I'm looking to buy 1967-1969 Gibson Flying Vs and 1971 Gibson Medallion Flying Vs. Contact info: firstname.lastname@example.org Latest addition 4/26/17: Serial Number 955102, 1967 Sparkling Burgundy Flying V, all original except for added strap button on inner wing (see pics at the end of the Burgundy weblink section).
Introduction: The 1967 - 1971 Gibson Flying Vs
This is the only website in the world that is dedicated exclusively to the 175 incredible Flying V guitars that were built by the Gibson Guitar Company in the mid to late 1960's. It is also dedicated to the 350 Gibson Flying V Medallion guitars that were built in 1971. These guitars are, without-a-doubt, some of the coolest and most sought-after guitars on the planet. You won't find a more comprehensive website or source of information about these guitars anywhere else.
Concerning the late 1960's Flying Vs......In the past 20 years I have accounted for 100 of the 175 Flying V guitars including the first Sunburst prototype. Pictures and information about many of these fine guitars can be viewed at the above web links. Of the 100 Flying Vs from the 1960's that I have accounted for, there are only 15 "survivors." That means they are completely factory original, unmodified and unbroken. If you are an owner, as I am, or an enthusiast of these great 1960's Flying V guitars, send me your pictures and information and I will post them to this website. Or, if you just have questions or information to share, you can contact me, your web host at: email@example.com. Also, I want to say thank you to those of you out there in the world that sent me information and pictures of your 1960's and 1971 Flying Vs, many of which are now featured on this website.
To be redirected to my 1971 Gibson Flying V Medallion website, click here ----> "Medallions"
Pictured below: Group picture of four late 1960's Gibson Flying Vs featuring their 1966 - 1969 standard factory finishes: Sunburst, Sparkling Burgundy, Walnut and Cherry.
Pictured Below: My personal collection of 1967-69 Gibson Flying Vs. Left to right: 1967 Sparkling Burgundy, 1967 Sunburst, 1969 Walnut. All three guitars are original 1960's examples. They also have their original Faultless cases.
1967-69 Gibson Flying V, General Information
Gibson built 175 Flying V's from 1966 to 1969. Although it is commonly called the 1967 Flying V, two of them were actually built and shipped in late 1966. It was the brain-child of Ted McCarty who also designed the famous 1958 Korina Flying V. He helped design the 1967 version of the Flying V just before he left the Gibson Guitar Company in 1966. All 175 guitars were built in 5 production batches from late 1966 to 1969. Each batch was made up of 35 guitars. The 5 batches are known as Batch #1, Batch #2, Batch #3, etc. All of the guitars had a one-piece mahogany body and shipped from the Gibson factory with a short Vibrola tremelo bar, of which there were three different versions. None of the guitars had a factory installed Stop Bar Tailpiece. The guitars from Batches #1 - #4, all of which were made in 1966 (2) and 1967, had a one-piece mahogany neck. The guitars from Batch #5, which were all made in 1969, had a three-piece mahogany neck. The first Flying V that shipped in 1966 was a Sunburst prototype that had some very unique features, especially with the pickguard and electronics. It is featured on this website along with many other fine examples.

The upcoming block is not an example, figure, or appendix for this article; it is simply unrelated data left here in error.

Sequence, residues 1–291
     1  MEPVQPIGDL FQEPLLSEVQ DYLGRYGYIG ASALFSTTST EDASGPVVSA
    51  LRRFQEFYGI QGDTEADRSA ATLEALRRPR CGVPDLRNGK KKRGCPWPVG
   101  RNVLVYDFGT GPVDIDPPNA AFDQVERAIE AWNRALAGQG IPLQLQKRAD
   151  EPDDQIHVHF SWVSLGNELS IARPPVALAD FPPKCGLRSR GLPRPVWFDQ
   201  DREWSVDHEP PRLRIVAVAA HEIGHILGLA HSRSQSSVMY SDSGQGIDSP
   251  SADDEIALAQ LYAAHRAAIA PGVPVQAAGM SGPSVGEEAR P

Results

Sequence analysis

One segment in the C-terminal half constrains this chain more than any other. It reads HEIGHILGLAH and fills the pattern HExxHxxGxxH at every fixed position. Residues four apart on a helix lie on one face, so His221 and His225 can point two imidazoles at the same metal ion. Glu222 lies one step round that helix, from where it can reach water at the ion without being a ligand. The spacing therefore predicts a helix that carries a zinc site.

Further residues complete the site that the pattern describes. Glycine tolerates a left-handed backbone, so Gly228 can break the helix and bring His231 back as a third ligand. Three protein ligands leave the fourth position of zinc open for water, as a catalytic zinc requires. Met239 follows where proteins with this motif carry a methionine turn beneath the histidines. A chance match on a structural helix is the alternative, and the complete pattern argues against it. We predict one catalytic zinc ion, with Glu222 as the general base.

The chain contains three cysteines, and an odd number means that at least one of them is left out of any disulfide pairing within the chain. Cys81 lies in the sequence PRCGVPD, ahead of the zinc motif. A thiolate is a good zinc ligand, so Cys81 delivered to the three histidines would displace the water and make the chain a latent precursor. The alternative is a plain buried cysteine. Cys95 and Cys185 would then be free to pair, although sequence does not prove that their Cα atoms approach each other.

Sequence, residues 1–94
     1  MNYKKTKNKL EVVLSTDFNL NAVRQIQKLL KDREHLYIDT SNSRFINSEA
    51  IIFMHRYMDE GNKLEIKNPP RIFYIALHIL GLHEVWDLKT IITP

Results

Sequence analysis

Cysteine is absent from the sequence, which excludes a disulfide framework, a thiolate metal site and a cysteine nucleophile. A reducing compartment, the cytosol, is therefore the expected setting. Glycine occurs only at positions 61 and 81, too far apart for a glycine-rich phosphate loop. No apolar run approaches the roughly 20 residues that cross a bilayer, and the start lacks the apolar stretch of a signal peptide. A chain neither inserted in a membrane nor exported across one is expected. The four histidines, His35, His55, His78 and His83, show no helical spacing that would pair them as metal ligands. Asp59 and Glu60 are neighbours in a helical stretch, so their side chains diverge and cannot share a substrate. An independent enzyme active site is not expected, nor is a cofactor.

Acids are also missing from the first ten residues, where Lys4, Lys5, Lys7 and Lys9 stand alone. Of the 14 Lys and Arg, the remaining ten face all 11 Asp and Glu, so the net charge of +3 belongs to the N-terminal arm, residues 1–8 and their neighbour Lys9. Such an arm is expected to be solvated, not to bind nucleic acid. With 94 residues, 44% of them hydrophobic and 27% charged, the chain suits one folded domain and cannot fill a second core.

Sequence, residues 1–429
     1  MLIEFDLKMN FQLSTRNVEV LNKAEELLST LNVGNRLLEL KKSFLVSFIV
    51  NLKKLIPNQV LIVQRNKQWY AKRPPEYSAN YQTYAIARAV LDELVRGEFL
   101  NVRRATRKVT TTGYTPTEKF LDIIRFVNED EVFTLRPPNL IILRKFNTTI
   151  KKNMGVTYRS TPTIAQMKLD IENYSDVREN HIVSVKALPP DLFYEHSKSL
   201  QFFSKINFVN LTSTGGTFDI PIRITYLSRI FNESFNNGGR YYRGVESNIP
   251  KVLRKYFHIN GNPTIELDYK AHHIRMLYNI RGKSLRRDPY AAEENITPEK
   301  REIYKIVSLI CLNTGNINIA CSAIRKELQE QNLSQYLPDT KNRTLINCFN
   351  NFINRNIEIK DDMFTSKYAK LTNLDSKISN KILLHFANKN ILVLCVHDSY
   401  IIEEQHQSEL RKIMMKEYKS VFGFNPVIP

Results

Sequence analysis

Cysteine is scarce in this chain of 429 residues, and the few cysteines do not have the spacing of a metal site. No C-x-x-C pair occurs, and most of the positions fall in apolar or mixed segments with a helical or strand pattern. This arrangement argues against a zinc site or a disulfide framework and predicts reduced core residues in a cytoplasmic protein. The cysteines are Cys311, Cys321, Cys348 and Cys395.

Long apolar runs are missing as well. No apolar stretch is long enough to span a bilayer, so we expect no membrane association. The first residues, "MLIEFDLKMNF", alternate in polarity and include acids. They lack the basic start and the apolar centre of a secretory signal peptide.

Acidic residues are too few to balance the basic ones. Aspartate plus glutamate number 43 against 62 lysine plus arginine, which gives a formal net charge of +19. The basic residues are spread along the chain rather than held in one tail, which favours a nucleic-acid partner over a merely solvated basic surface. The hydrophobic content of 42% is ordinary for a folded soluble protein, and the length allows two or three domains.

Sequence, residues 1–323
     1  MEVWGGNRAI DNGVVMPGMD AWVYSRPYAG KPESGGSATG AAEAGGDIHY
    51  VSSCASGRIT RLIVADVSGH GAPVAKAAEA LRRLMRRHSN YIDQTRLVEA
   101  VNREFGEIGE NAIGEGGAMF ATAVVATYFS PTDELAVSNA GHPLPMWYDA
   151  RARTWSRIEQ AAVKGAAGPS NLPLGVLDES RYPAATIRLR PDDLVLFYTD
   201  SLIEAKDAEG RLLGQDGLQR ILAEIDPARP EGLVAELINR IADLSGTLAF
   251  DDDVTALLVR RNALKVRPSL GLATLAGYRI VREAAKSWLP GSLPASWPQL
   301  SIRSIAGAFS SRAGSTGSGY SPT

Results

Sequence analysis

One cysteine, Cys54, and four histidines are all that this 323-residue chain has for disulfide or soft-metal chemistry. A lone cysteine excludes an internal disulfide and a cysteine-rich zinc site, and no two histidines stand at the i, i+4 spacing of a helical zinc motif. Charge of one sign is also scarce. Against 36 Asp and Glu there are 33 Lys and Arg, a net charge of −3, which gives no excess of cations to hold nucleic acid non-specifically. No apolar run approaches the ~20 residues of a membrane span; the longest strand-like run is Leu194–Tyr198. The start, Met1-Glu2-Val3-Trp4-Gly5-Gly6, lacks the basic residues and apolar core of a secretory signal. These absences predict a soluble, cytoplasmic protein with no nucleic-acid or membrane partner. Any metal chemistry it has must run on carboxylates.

Most of the pickguard assemblies were probably built at the same time due to the fact that most the original pots on the 1960's V's have the pot code 1376630 (30th week of 1966). There are a few with 1376629. Also, the factory machine-routed wiring channels for the pickup harness wires, located in the body control cavity, required additional factory hand-routing. This was due to the fact that the wires that extended from the pickups to the pots were cut too short when the pickguards were mass-assembled.
The nut width used on all 175 guitars was 1 9/16 inches. This nut width was introduced in the summer of 1965 and was used on many Gibson electric guitars until the early 1980's. The tuners that were used on Flying V production batches 1 - 4 were Kluson Deluxe double ring tuners. The tuners used on the Batch 5 Flying Vs built in 1969 were Gibson Deluxe double ring tuners. Both tuners were identical except for the name inscription on the back, Kluson Deluxe or Gibson Deluxe. The standard finishes that Gibson used on the Flying V guitars were Cherry, Sunburst, Sparkling Burgundy and Walnut. There were supposedly also a few guitars that were finished in Black and Pelham Blue. If anyone has a picture of a real 67 Pelham Blue Flying V please send it along. The only '67 pelham blue Flying V that I have ever seen is a copy that was made in the early 1990's
The serial number system that Gibson used in the 1960's leaves much to be desired. For example, many guitars that were built in 1967 often specify a 1968 serial number. Guitars with three piece necks that were built in 1969 often have 1968 serial numbers. As a result of these serial number oddities it can be difficult to pin-down the exact year that many Gibson guitars were actually made. The Flying V did not escape this serial number confusion. However, since only 175 Flying V guitars were built, it is much easier to pin-down when these guitars were built and shipped. Some of the Flying V's from Batch #4 have "gap" serial numbers. This means the serial number falls outside the range of the Gibson serialization publication. For example, the Hendrix Sunburst V, plus at least two others, have a "gap" serial number series of 932xxx which is outside the published serial number ranges noted in the Gibson Serial Number publication. There were also many other Gibson guitars from that era that have "gap" serial numbers, ie: the ES-335, SG, Firebird, etc.
Gibson also built a few custom order and one-off Flying Vs in the late 1960's. Plus, I am sure there were a few employee built guitars that were built after hours that made it out of the Gibson factory. This website will also feature some of those custom order and one-off guitars.